1. Download your gene set of interest for hg19. For this example, I'll use the refGene table, but you can choose other gene sets, such as the knownGene table from the "UCSC Genes" track.

rsync -a -P rsync://hgdownload.soe.ucsc.edu/goldenPath/hg19/database/refGene.txt.gz ./

2. Unzip

gzip -d refGene.txt.gz

3. Remove the first "bin" column:

cut -f 2- refGene.txt > refGene.input

4. Convert to gtf:

genePredToGtf file refGene.input hg19refGene.gtf

5. Sort output by chromosome and coordinate

cat hg19refGene.gtf  | sort -k1,1 -k4,4 > hg19refGene.gtf.sorted

Example output for hg19refGene.gtf.sorted:

$head hg19refGene.gtf.sorted
chr1 refGene.input exon 10002682 10002840 . - . gene_id "LZIC"; transcript_id "NM_001316973"; exon_number "7"; exon_id "NM_001316973.7"; gene_name "LZIC";
chr1 refGene.input exon 10002682 10002840 . - . gene_id "LZIC"; transcript_id "NM_001316975"; exon_number "7"; exon_id "NM_001316975.7"; gene_name "LZIC";
chr1 refGene.input exon 10002682 10002840 . - . gene_id "LZIC"; transcript_id "NM_001316976"; exon_number "5"; exon_id "NM_001316976.5"; gene_name "LZIC";
chr1 refGene.input exon 10002682 10002840 . - . gene_id "LZIC"; transcript_id "NM_032368"; exon_number "7"; exon_id "NM_032368.7"; gene_name "LZIC";
chr1 refGene.input CDS 10002739 10002793 . - 0 gene_id "LZIC"; transcript_id "NM_001316974"; exon_number "7"; exon_id "NM_001316974.7"; gene_name "LZIC";
chr1 refGene.input exon 10002739 10002840 . - . gene_id "LZIC"; transcript_id "NM_001316974"; exon_number "7"; exon_id "NM_001316974.7"; gene_name "LZIC";
chr1 refGene.input start_codon 10002791 10002793 . - 0 gene_id "LZIC"; transcript_id "NM_001316974"; exon_number "7"; exon_id "NM_001316974.7"; gene_name "LZIC";
chr1 refGene.input exon 10002981 10003083 . + . gene_id "NMNAT1"; transcript_id "NM_001297778"; exon_number "1"; exon_id "NM_001297778.1"; gene_name "NMNAT1";
chr1 refGene.input transcript 10002981 10045556 . + . gene_id "NMNAT1"; transcript_id "NM_001297778";  gene_name "NMNAT1";
chr1 refGene.input exon 10003307 10003485 . - . gene_id "LZIC"; transcript_id "NM_032368"; exon_number "8"; exon_id "NM_032368.8"; gene_name "LZIC";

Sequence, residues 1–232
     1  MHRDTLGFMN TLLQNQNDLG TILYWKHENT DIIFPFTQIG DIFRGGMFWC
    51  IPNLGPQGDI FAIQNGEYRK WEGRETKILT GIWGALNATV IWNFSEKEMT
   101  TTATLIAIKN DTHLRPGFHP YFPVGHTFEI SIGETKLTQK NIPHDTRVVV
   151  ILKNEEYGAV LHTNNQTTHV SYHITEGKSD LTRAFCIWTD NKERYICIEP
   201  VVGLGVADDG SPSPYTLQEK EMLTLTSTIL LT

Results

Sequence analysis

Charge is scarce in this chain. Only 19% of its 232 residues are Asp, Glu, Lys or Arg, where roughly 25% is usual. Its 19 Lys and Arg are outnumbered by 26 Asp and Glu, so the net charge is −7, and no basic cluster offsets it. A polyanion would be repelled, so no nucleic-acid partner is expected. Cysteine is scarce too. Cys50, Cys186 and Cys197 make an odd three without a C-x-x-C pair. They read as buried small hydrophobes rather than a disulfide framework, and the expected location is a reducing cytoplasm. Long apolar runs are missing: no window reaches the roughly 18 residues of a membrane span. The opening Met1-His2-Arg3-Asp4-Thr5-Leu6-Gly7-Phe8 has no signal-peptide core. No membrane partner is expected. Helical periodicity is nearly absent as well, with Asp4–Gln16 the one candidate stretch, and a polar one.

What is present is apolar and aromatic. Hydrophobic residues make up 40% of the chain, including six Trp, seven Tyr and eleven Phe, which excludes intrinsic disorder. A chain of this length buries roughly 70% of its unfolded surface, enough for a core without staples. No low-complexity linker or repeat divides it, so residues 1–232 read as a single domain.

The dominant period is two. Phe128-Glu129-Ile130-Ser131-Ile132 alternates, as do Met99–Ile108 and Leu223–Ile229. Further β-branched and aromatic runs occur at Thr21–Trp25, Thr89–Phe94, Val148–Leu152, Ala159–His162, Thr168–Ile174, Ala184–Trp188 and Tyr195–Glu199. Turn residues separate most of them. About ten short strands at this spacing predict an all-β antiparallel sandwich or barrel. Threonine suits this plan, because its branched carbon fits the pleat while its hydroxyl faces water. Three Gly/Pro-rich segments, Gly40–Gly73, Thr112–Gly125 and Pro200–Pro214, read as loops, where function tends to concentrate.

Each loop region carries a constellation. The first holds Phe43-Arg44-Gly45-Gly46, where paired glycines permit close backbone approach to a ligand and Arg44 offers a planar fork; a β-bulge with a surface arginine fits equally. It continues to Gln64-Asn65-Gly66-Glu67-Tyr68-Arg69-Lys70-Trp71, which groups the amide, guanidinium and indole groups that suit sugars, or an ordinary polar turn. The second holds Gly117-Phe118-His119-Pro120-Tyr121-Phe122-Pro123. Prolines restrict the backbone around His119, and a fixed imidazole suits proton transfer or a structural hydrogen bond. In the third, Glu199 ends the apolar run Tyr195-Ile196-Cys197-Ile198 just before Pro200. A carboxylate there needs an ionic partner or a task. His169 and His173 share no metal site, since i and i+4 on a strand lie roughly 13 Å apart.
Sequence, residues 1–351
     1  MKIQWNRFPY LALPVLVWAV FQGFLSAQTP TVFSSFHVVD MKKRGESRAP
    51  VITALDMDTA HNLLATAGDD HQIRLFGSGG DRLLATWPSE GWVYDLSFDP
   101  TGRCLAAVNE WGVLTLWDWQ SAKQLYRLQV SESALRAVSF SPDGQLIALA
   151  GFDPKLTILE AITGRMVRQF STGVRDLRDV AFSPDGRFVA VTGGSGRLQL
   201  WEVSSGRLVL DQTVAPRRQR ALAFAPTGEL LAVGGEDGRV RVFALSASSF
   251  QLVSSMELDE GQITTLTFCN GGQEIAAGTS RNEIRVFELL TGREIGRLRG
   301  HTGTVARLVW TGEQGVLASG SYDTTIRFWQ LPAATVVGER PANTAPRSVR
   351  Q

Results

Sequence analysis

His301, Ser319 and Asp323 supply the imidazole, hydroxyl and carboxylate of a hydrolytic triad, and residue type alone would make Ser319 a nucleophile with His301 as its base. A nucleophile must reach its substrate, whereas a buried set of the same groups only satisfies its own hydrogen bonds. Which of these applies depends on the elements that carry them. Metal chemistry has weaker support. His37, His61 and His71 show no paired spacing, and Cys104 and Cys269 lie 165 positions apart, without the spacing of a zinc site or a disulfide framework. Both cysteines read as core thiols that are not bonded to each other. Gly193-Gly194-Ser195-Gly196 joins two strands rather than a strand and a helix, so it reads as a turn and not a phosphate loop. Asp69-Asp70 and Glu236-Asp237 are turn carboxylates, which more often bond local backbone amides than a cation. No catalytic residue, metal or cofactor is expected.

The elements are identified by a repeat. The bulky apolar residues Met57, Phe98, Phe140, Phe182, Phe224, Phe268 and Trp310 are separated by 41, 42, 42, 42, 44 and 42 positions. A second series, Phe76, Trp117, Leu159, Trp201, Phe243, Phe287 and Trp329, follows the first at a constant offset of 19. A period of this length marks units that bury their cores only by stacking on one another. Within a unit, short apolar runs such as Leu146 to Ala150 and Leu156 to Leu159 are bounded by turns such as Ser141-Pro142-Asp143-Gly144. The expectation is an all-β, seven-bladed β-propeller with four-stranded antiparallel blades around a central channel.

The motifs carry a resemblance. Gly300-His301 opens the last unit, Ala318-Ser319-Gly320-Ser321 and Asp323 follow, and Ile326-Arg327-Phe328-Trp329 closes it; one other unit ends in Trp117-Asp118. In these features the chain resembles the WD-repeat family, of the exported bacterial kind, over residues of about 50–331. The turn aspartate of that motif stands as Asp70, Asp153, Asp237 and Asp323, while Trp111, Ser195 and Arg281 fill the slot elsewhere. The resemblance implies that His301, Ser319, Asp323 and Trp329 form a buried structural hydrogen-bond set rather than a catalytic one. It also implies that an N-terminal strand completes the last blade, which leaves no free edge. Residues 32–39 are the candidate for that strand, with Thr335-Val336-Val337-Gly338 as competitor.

Using kent commands with the public database server

To use the kent commands with the public database server, add this four line file ".hg.conf" to your home directory:

$ cat $HOME/.hg.conf
db.host=genome-mysql.cse.ucsc.edu
db.user=genomep
db.password=password
central.db=hgcentral

And set the permissions:

$ chmod 600 .hg.conf

Now you can use the command to extract GTF files directly from the UCSC database. For example, fetch the UCSC gene track from hg19 into the local file knownGene.gtf:

$ genePredToGtf hg19 knownGene knownGene.gtf

Note that this still produces incorrect GTF, where the gene_id and transcript_id match. You will either need to write a custom script to fix these fields, or use the "file" option described above on a custom knownGene table download to get correct GTF.

Bed format gene tracks (convert bed > genePred > GTF)

Some gene tracks are in a bed format in the database, perhaps with extra columns past the standard bed format. In this case, extract the standard bed columns, convert it to a genePred and then to a gtf. For example wgRna:

mysql --user=genome --host=genome-mysql.cse.ucsc.edu -A -N \
  -e "select chrom,chromStart,chromEnd,name,score,strand,thickStart,thickEnd from wgRna;" hg19 \
   | bedToGenePred stdin stdout | genePredToGtf file wgRna.gtf

Note that in the above methods, it was necessary to cut columns 1 - 10 to remove the extra trailing columns. With the method detailed here, this cut is not necessary in the case of using the database table since the command can determine from the table structure which columns to use.